Contractors are upgrading Interstate 4 in central Florida, section-by-section, reshaping the future of the heavily-traveled highway.
The 20 or so projects planned, completed or in progress along its 140-mi. (224 km) length carry a total price tag of approximately $1 billion in construction costs. Funding comes partly from an economic stimulus program pushed through the legislature by Gov. Jeb Bush.
The general task given an array of contractors is to widen Interstate 4 to six lanes in some places, to eight lanes in other sections and to prepare some stretches of the corridor for an ultimate width of 10 lanes.
To that end, bridges are being built or widened to accommodate traffic moving up and over the interstate. Other bridges are being built or upgraded to serve vehicles moving on I-4. New interchanges connect the various roadways.
Interstate 4 neatly bisects the long peninsular state, cutting southwest from I-95 on Florida’s Atlantic coast till it runs into Gulf of Mexico at Tampa Bay. Florida Department of Transportation (FDOT) officials conservatively estimate that the corridor carries between 40,000 and 180,000 vehicles a day depending upon location.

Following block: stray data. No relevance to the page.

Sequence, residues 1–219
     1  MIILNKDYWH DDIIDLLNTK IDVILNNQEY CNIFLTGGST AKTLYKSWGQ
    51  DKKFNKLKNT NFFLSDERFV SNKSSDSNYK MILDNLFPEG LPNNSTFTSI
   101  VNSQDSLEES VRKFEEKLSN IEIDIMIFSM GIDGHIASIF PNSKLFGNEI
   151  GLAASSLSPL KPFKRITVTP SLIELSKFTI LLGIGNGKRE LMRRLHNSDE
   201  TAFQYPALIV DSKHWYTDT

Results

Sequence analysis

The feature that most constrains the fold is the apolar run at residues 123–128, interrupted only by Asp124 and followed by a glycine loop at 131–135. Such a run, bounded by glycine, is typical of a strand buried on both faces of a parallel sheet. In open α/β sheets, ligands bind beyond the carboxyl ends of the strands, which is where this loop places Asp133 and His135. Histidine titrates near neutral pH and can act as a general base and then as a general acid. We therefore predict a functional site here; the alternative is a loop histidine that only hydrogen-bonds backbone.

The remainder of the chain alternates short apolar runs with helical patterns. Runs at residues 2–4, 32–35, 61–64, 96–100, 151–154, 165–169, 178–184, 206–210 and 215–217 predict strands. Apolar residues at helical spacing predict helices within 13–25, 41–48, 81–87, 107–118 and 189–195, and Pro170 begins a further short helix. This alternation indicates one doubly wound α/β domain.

That is considerably more travelers than Spanish conquistador Hernando DeSoto encountered when he sailed into Tampa Bay in the 16th century, wholly unaware that the bay was the future home of a Super Bowl champion.
Even 40 years ago, when Interstate 4 was brand new, traffic was much lighter. At that time, Daytona, which sits at I-4’s eastern terminus, was a popular destination for racing fans.
But in those same years a man named Walt Disney had just begun to buy up thousands of acres of swamp near Orlando for an eastern version of Disneyland. His development has attracted millions of travelers onto I-4.